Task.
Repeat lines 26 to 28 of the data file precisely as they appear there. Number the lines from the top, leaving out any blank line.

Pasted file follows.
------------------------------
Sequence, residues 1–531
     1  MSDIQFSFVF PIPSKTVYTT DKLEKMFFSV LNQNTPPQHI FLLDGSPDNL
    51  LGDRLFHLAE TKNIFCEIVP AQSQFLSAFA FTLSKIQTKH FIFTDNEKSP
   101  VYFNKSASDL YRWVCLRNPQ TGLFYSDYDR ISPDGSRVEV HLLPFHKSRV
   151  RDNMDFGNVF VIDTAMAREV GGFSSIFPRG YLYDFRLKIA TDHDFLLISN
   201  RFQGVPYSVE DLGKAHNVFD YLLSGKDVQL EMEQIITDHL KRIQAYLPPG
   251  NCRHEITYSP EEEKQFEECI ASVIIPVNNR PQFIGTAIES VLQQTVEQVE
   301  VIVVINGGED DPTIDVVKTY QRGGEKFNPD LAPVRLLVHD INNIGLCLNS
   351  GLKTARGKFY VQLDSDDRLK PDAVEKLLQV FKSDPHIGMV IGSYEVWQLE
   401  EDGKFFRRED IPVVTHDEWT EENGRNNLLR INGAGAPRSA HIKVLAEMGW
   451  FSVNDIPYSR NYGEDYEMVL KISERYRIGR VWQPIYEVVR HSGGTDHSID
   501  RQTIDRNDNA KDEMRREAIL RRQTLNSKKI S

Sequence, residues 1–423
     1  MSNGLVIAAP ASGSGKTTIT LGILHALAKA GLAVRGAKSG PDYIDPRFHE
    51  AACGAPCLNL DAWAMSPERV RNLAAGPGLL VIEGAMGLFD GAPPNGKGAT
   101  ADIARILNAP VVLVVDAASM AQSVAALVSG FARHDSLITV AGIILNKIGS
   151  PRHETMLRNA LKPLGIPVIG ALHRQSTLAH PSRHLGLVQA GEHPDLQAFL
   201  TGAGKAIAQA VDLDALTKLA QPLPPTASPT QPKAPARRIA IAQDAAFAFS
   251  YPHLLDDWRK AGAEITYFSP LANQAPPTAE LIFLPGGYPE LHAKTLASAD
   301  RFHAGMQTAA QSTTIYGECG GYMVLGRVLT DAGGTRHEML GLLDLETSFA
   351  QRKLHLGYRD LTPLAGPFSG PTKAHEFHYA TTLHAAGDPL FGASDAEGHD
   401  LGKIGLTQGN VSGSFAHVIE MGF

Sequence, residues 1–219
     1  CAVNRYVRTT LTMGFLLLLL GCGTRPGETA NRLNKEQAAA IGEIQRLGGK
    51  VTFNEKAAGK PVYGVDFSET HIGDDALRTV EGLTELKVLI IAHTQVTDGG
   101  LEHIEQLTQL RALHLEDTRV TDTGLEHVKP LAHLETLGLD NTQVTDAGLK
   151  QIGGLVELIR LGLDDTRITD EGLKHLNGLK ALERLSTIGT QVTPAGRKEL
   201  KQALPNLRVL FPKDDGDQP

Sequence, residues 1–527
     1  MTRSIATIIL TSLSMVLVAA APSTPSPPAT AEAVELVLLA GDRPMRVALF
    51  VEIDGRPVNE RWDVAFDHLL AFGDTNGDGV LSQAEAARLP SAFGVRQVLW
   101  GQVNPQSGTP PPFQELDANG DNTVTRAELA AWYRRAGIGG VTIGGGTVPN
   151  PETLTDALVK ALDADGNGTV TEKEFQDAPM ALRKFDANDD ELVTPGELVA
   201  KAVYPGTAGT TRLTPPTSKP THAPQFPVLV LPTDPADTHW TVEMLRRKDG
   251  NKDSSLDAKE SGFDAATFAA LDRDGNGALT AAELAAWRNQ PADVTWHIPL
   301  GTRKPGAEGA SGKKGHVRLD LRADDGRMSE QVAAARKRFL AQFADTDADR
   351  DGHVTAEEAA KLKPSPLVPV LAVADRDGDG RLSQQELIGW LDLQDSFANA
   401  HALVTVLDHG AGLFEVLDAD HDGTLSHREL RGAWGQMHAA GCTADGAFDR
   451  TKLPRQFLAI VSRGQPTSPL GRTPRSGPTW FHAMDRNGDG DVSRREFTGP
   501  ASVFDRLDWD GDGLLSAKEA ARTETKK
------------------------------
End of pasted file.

   101  LEHIEQLTQL RALHLEDTRV TDTGLEHVKP LAHLETLGLD NTQVTDAGLK
   151  QIGGLVELIR LGLDDTRITD EGLKHLNGLK ALERLSTIGT QVTPAGRKEL
   201  KQALPNLRVL FPKDDGDQP